Appropriations Groundhog Day - Déjà vu All Over Again
The days are ticking by, but Congress is not moving closer to passing appropriations for Fiscal Year 2018, which began on Oct. 1.
Each day that passes is an opportunity lost to improve our Army’s readiness.
As of late October, both the House and Senate had finally passed a budget resolution.
Budget resolutions are supposed to be completed by April 15 as the first step in the Congressional budget system, a system that is widely acknowledged to be completely broken. The budget resolution isn’t a binding law, but it sets the allocations (or funding levels) for each committee to then mark its appropriations bill.
In this case, all the House appropriations committees went ahead and marked their bills without a budget resolution, and their bills have since passed the House in an omnibus bill passed on party lines.
However, the House omnibus was dead on arrival in the Senate, which has only marked nine of their 12 appropriations bills in committee, and haven’t passed any on the Senate floor.
The current continuing resolution will expire on Dec. 8. If appropriations aren’t passed and signed into law by then, another continuing resolution will be required, or else the government will partially shut down.
Complicating everything is the fact that the president’s budget request and all the appropriations bills currently exceed the caps in the Budget Control Act of 2011.
This means that even if the House and Senate can pass the bills on time, sequester will kick in and mindlessly shave off tens of billions of dollars of appropriations unless separate legislation is passed to raise the budget caps for 2018.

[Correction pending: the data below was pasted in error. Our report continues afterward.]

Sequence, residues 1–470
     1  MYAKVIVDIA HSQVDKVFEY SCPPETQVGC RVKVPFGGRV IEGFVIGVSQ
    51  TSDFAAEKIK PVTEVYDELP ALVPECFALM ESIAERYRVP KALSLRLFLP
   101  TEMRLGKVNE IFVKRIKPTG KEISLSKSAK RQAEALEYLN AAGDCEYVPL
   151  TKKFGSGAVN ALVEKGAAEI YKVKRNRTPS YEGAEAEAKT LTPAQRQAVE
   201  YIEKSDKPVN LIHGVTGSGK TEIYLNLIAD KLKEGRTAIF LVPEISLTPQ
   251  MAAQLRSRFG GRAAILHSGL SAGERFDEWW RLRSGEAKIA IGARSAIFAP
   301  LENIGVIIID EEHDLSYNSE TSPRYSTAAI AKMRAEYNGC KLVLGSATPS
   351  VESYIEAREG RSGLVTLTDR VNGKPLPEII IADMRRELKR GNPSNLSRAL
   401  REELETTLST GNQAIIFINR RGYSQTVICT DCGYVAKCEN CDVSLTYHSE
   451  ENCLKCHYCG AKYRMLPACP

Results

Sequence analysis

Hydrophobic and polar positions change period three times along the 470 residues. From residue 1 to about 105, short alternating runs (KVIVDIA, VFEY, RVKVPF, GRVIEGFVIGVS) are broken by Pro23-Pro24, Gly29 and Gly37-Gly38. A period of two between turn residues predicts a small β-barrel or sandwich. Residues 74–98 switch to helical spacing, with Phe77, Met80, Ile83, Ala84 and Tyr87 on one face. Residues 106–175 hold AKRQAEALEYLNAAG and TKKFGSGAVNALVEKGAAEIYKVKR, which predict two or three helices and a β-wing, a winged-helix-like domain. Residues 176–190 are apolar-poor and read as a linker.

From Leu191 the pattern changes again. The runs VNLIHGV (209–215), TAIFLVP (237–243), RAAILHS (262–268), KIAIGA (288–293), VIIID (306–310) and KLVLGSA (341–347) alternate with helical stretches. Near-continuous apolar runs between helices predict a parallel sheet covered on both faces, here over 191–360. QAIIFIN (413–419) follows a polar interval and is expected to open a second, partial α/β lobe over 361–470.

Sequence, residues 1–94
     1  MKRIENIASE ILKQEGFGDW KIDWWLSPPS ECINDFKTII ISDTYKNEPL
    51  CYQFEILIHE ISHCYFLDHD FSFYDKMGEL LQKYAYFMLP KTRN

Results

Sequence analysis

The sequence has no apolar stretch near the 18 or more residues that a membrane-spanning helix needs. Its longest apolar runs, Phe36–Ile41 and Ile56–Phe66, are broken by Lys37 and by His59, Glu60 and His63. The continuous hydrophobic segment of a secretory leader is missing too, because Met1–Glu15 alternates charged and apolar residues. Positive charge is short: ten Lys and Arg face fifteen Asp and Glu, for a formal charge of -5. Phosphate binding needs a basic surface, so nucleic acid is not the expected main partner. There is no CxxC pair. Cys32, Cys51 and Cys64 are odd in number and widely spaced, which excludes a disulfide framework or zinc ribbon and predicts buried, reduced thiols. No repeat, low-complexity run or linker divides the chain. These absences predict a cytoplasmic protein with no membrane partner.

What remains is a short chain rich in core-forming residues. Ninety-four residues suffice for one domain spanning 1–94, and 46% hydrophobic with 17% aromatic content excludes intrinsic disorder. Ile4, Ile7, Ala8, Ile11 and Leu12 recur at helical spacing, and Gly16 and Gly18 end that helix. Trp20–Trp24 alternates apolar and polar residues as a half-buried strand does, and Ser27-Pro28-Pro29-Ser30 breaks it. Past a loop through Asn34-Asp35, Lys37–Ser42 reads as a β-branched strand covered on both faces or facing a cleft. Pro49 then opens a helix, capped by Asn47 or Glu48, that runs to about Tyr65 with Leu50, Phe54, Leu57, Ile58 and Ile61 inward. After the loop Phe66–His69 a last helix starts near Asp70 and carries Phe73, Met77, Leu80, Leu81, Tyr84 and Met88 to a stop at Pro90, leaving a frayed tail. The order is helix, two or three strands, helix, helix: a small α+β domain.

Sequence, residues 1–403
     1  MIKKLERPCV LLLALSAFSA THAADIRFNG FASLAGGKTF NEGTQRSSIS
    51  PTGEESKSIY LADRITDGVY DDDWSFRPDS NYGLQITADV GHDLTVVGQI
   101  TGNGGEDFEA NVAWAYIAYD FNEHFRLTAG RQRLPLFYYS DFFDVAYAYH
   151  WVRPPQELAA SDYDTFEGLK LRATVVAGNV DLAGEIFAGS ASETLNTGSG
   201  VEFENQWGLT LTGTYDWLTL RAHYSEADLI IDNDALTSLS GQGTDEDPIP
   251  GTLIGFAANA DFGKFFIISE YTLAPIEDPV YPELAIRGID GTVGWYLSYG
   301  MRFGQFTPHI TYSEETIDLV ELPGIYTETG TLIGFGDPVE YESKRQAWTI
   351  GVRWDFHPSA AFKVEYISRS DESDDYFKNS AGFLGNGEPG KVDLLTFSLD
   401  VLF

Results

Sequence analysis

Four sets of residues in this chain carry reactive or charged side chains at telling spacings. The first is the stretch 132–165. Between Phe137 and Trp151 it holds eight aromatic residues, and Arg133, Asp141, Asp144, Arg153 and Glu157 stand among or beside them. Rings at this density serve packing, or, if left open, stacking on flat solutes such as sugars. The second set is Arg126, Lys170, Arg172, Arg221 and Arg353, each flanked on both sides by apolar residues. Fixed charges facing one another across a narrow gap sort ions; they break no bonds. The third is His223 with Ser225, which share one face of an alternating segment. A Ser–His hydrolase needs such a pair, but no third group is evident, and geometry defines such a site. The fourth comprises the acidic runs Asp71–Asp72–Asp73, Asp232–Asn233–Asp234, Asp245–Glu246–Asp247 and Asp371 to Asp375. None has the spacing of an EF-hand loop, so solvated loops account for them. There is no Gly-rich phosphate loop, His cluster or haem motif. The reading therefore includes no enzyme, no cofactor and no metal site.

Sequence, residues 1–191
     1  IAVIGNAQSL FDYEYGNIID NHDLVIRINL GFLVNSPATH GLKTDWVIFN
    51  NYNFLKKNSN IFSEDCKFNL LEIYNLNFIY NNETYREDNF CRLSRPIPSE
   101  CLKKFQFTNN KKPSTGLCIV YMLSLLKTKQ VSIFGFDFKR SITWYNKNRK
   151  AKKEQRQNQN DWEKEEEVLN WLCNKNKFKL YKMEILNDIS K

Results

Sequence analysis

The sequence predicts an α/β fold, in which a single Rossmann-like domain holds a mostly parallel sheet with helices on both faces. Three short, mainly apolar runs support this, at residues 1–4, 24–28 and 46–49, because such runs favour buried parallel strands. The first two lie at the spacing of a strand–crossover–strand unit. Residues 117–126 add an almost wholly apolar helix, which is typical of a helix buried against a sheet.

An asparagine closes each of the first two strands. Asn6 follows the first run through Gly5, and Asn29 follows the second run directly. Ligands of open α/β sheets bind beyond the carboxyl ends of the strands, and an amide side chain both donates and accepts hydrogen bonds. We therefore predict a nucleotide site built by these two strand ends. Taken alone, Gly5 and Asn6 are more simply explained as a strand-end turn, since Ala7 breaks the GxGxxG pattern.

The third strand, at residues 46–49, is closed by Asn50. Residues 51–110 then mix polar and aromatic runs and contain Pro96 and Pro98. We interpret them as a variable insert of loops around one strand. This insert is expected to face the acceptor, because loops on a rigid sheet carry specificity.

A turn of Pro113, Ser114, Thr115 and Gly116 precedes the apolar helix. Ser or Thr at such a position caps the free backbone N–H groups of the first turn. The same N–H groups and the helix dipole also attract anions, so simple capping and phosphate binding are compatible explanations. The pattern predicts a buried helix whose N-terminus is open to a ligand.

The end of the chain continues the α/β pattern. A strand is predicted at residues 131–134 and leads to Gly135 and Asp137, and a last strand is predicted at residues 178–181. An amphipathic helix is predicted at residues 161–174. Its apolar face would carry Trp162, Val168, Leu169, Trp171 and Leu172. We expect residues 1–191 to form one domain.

In general, Republicans only want to raise the defense caps, and Democrats will only agree to raise the defense caps if the non-defense discretionary caps are equally increased.
In two previous episodes, a Bipartisan Budget Act was passed in 2013 and again in 2015 to raise the caps for two years. However, with health care, tax reform and disaster recovery taking the attention of the Congress, there has been little movement toward a third cap-raising bill so far.
We should also remember that Dec. 8 is the date when the suspension of the debt limit expires, once again jeopardizing the full faith and credit of the United States.
It is unclear at this point how long the Treasury Department will be able to delay default through what are called “extraordinary measures,” but the debt limit is just one more complicating factor in a witch’s brew of Congressional gridlock and inaction.
If we get through December without defaulting or shutting the government down, we can look forward to an even less productive 2018 as Congress moves toward the mid-term elections.
Here’s to hoping that my next column will reveal the shocking and extraordinary Congressional progress made in November, where all of these complications were worked out with exemplary bipartisan statesmanship.
That would be a column I would love to write.
See you on the high ground.